Tuesday, 19 May 2015

Tiffany Girl - Deeanne Gist


As preparations for the 1893 World’s Fair set Chicago and the nation on fire, Louis Tiffany—heir to the exclusive Fifth Avenue jewelry empire—seizes the opportunity to unveil his state-of-the-art, stained glass, mosaic chapel, the likes of which the world has never seen.

But when Louis’s dream is threatened by a glassworkers’ strike months before the Fair opens, he turns to an unforeseen source for help: the female students at the Art Students League of New York. Eager for adventure, the young women pick up their skirts, move to boarding houses, take up steel cutters, and assume new identities as the “Tiffany Girls.”

Tiffany Girl is the heartwarming story of the impetuous Flossie Jayne, a beautiful, budding artist who is handpicked by Louis to help complete the Tiffany chapel. Though excited to live in a boarding house when most women stayed home, she quickly finds the world is less welcoming than anticipated. From a Casanova male, to an unconventional married couple, and a condescending singing master, she takes on a colorful cast of characters to transform the boarding house into a home while racing to complete the Tiffany chapel and make a name for herself in the art world.

As challenges mount, her ambitions become threatened from an unexpected quarter: her own heart. Who will claim victory? Her dreams or the captivating boarder next door?


I have to admit that the title of this book made me request it for review - I love Tiffany glass. I wasn't too sure if this book was going to be to my liking and I had never read anything by the author before. I also read that Deanne was previously the author of "Christian" books and some of her readers have been shocked by this book.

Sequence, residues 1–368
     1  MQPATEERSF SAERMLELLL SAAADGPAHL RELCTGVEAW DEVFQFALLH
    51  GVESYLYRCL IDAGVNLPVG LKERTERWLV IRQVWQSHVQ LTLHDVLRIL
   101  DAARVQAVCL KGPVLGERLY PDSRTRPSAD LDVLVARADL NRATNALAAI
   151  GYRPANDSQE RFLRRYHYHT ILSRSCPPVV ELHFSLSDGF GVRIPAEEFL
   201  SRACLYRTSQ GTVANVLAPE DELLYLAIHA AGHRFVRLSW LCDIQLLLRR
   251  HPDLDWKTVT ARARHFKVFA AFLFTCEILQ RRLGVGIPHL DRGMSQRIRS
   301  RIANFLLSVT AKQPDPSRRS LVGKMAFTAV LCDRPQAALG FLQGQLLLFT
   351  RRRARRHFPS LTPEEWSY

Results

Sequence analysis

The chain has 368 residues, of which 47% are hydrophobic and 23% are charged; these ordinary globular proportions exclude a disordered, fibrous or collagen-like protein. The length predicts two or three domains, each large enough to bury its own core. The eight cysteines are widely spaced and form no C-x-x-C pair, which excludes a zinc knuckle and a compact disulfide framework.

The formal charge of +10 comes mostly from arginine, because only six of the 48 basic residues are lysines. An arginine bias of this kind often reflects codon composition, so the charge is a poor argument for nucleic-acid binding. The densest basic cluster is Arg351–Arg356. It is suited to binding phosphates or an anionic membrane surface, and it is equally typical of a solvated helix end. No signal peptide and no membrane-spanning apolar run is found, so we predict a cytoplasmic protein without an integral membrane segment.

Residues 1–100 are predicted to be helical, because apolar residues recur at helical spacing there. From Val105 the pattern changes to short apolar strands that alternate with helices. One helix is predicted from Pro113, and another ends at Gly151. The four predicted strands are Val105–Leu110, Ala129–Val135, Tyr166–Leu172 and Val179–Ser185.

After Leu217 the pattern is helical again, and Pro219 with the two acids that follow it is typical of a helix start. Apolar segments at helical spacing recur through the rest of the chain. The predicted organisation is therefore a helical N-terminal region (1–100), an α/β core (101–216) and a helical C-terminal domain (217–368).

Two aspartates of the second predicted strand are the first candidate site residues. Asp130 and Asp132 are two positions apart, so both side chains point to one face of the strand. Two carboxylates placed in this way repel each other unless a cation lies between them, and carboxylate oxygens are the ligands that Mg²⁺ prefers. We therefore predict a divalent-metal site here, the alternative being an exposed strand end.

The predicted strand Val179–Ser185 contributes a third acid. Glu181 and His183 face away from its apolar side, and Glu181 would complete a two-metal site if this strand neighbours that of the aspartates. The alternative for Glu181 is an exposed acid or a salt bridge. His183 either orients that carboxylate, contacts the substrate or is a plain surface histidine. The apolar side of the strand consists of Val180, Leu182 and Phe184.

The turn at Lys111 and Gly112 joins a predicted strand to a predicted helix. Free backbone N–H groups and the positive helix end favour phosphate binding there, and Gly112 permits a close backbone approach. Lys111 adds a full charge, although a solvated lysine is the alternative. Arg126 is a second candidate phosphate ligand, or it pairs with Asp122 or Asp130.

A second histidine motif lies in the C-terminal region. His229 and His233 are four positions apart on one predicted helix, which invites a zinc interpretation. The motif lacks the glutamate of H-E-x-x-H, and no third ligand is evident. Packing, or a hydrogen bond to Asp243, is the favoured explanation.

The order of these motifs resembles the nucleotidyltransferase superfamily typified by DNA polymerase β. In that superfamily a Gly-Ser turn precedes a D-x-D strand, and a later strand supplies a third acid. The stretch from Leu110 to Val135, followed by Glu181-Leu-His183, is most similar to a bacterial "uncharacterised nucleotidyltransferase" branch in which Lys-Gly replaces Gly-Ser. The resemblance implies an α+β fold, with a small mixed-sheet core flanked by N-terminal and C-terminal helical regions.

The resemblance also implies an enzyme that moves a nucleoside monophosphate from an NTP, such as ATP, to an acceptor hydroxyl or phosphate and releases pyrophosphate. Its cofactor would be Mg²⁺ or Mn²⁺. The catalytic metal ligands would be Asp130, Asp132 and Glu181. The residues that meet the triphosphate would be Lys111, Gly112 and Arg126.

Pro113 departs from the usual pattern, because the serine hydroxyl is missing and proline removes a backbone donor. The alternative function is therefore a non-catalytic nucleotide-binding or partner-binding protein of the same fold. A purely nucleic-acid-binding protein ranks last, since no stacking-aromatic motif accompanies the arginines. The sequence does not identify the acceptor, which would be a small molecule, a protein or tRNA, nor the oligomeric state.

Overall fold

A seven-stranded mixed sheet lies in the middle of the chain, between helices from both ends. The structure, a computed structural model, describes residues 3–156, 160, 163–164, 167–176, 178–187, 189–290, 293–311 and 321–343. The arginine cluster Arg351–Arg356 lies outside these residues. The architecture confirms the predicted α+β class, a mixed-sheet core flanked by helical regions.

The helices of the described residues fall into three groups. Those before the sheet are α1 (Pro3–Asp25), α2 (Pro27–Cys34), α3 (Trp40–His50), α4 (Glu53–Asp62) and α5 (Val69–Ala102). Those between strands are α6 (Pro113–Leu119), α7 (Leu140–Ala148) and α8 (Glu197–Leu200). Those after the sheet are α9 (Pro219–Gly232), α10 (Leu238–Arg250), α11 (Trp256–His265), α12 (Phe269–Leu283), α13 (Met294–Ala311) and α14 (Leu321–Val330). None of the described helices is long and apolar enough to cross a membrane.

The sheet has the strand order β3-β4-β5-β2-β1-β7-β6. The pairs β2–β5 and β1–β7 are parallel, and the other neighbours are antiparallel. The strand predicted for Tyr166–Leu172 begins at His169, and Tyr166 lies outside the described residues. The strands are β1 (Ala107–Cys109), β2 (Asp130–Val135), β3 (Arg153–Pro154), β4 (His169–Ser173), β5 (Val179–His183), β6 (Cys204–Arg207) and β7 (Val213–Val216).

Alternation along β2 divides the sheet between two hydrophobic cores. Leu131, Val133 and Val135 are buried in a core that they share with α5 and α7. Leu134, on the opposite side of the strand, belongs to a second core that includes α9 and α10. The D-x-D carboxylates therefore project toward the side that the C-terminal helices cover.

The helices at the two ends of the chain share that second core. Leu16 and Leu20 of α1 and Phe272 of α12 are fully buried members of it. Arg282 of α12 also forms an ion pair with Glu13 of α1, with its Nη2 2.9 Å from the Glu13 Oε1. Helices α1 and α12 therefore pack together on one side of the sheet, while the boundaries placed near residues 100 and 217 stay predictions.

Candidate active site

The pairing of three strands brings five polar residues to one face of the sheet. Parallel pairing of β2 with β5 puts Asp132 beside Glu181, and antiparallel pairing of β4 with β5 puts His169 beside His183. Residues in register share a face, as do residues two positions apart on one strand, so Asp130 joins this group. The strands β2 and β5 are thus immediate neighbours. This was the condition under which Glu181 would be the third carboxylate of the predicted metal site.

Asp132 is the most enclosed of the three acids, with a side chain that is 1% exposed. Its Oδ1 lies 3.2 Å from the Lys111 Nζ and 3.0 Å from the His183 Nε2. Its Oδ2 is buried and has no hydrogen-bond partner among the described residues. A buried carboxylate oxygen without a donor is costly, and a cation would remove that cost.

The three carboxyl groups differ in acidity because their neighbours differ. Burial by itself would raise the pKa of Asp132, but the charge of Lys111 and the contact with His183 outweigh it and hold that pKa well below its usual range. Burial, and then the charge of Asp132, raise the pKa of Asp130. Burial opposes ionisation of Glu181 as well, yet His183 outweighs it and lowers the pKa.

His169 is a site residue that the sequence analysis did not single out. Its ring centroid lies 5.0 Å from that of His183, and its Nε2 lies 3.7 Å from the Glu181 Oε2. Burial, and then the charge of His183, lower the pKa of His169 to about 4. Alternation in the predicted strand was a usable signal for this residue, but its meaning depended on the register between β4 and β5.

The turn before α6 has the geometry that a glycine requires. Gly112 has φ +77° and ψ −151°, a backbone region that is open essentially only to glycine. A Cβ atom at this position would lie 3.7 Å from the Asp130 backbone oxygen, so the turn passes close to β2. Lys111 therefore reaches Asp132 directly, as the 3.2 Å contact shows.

However, only pages in and I was hooked as one of my other great loves "sewing" was referenced in the book. I'm also very interested in social history and was intrigued to know how things were in America in the late 1880s. 

The author has done a fabulous job of researching the era and that of the social customs of the time. She provides great notes at the front of the book, and at the end of the book the author explains those acts in the book which are a vehicle for the story plot and those which actually happened. I have to say the majority is based on fact and it feels that way when you are reading the book. 

The main character Flossie is a bit of a Pollyanna - she sees the good in everything and of course we know life is not like that and so in some respects I guessed some of what befalls her. This did not detract from the storyline though and I was fascinated with the life of a "new woman" as they were called. Also by the way woman were treated in society. I remember working in a department store in the late 1970s and advising ladies that they needed their husband to come into the store and sign the hire purchase agreement for their new washing machine etc as they could not do so themselves!

What is lovely about the writing is the passion that comes over from the character Flossie and her love for painting and the wonderful coloured glass at the Tiffany factory. There is a little romance in there too - however this is not chick lit and I found it endearing and relevant to the storyline and not at all shocking as some of her readers found it to be.

I really enjoyed this book. It reminded me a little of the films "Meet me in St Louis" and in a more modern setting "You've got Mail". There are some relevant illustrations throughout the book which unfortunately on my kindle didn't show up too well - so maybe a good idea to buy a paper version if you are interested in those, especially as some were commissioned especially for the book.

My thanks go to Netgalley and Howard Books for providing me with a review copy of the book.

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